Economist Shamubeel Eaqub has strong words for those calling for New Zealand's borders to open to the world: "Stop being smug."
He joined Breakfast on Wednesday morning to outline why it was too soon to open the country's borders, in the wake of a call by former prime minister John Key at the weekend to share a date.
In a widely published opinion piece, Key had released a five-point plan to improve New Zealand's Covid-19 response.
In it, he said New Zealand's aim should no longer be to "exist in a smug hermit kingdom" and it should get back to allowing Kiwis to travel overseas freely, allow stranded Kiwis to come home without the "lottery" of MIQ, and open up the borders.
At the time, Covid-19 Response Minister Chris Hipkins said describing the country as a "smug hermit kingdom" was an "insult" to the team of five million.
In the days since, the Government has defended its response and said it is already using some of Key's "reasonable" ideas.
Eaqub told Breakfast he did not "buy" the story New Zealand would open up and everything would be OK.
If the country were to open up tomorrow thousands of Kiwis would die, while others would suffer from long Covid, he said.
It would be difficult for people to access hospital treatment as they would be full of Covid-19 cases and Eaqub warned doctors and nurses who were already "on edge" would get burnout.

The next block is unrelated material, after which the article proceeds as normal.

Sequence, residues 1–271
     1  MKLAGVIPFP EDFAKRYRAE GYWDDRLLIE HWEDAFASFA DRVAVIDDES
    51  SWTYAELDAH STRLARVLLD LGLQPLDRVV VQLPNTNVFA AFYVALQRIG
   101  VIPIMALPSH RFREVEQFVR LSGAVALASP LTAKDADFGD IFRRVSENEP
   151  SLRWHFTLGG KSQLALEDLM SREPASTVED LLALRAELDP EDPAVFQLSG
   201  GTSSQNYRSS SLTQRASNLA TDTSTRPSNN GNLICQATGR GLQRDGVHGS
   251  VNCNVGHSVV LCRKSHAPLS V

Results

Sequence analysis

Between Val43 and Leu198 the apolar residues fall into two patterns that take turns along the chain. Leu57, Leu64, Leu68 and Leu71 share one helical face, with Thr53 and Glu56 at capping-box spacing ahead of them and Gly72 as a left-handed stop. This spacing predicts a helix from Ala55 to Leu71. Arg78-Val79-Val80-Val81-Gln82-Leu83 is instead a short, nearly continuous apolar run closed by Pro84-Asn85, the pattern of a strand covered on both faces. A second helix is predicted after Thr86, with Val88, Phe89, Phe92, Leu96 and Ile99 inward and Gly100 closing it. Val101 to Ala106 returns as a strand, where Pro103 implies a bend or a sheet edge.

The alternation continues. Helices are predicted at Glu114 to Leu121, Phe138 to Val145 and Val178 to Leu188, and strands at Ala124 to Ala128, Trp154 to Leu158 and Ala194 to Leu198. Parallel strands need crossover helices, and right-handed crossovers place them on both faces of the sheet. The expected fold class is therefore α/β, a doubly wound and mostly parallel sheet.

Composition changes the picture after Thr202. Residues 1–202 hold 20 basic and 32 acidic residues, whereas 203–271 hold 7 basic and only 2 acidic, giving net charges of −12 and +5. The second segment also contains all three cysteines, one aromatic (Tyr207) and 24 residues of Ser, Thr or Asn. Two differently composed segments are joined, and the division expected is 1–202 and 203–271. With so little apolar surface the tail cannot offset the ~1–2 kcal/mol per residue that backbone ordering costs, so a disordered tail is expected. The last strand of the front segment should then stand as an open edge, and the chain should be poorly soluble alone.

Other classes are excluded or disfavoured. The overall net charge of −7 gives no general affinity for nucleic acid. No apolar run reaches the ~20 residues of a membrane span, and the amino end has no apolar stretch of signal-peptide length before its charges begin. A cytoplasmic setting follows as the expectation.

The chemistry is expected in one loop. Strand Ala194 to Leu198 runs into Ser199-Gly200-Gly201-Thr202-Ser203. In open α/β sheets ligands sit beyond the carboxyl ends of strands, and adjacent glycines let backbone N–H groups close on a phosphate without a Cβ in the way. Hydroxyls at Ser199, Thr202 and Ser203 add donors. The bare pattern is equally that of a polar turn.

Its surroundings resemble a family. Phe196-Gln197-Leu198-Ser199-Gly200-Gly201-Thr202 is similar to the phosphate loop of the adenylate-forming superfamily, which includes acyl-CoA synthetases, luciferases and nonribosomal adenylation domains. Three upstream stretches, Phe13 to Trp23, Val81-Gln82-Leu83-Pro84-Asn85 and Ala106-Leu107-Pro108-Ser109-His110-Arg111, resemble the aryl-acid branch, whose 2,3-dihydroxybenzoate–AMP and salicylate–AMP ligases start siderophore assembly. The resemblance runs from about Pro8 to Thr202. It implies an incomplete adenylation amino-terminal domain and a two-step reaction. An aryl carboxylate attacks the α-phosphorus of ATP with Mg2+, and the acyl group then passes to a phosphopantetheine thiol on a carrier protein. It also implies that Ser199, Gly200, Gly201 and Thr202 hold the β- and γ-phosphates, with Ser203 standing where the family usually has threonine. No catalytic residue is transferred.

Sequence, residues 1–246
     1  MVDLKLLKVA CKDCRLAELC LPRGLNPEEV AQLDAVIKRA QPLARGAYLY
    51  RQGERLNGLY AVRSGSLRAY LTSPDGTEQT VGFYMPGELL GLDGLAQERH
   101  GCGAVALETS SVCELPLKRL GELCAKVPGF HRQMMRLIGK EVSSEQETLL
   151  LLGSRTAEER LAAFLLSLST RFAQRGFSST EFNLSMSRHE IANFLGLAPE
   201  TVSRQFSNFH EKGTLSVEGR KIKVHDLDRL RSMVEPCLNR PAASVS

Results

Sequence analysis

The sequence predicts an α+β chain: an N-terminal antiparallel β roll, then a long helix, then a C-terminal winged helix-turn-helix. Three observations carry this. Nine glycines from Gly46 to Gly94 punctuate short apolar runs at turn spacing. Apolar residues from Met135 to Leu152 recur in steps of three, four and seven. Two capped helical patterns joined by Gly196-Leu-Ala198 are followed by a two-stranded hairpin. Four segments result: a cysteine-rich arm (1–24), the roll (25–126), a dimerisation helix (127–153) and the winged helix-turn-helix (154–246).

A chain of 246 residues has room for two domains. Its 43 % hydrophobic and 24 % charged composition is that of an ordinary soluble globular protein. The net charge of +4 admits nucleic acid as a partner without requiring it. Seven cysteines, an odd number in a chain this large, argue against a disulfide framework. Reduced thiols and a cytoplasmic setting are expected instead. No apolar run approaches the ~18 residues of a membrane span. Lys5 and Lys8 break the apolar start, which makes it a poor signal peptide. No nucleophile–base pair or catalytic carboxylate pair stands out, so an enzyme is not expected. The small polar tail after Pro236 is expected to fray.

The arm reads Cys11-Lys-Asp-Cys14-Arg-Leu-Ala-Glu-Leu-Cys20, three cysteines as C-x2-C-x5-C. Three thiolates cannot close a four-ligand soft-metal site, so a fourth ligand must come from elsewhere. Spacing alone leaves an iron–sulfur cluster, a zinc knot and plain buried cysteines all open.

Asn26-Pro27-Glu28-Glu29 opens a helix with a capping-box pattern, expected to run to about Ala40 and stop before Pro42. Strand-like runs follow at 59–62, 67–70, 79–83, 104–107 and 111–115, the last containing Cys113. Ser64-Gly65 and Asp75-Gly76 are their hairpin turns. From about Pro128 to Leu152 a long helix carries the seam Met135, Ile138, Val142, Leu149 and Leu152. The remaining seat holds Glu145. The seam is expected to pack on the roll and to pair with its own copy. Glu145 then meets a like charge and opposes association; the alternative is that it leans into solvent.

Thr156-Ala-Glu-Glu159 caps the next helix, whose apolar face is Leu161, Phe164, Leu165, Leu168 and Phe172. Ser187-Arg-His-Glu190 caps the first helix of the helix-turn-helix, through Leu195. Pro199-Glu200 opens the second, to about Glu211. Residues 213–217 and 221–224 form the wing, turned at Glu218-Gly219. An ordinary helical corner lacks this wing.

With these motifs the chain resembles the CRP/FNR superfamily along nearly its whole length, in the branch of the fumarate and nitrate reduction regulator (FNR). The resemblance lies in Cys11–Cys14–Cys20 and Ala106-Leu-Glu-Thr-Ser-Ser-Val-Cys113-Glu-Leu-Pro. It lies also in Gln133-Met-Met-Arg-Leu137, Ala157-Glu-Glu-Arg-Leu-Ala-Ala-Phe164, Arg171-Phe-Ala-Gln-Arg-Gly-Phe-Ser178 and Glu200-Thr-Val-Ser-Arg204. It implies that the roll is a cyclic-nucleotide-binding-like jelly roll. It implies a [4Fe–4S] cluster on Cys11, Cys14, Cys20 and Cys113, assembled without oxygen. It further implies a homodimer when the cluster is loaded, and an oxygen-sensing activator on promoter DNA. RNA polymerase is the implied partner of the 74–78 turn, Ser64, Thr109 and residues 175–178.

"We can't afford to lose that last line of defence."
Eaqub said the country would be "hitting alarm levels" with only 1 per cent of the population in ICU with the virus.
Recent modelling by Te Pūnaha Matatini showed the bleak consequences of failing to reach high vaccination rates .
The model predicted that if 80 per cent of the population over the age of five, or around 75 per cent of the entire population, were vaccinated against Covid-19, it would result in 7000 Covid-related deaths a year and about 60,000 hospitalisations.
However, the model said with a 90 per cent vaccination rate for people over five years old — about 85 per cent of the entire population — deaths from the virus would drop to about 600 a year, or 50 with additional health measures.
Eaqub said "we don't have to and we must not" open the borders too soon, lest the country face "immense pain and suffering" in its Māori and Pasifika populations, akin to the recent measles outbreak.
New Zealand could not afford to open its borders too quickly until the vaccination rate was up "quite significantly".
Eaqub said the world was not going back to how life was in 2019 and restrictions would continue to be needed as it was clear the virus could not be eradicated.
He described New Zealand as being unaware of domestic restrictions other countries had been living with and said there would need to be changes to how we live our lives.
This included improving ventilation, limits on gatherings, and ongoing mask-wearing.
Eaqub said those who had had enough and a gutful, did not want to live in a "smug hermit kingdom" or who had had both vaccine doses and wanted the country's borders to open that they needed to talk to those who had lost loved ones to Covid-19 "because that is the reality of how the rest of the world has lived in the last 18 months".
"It feels very comfortable to be able to say those kinds of things when you’re a smug little person sitting in safe and secure New Zealand," he said.
"Stop being smug."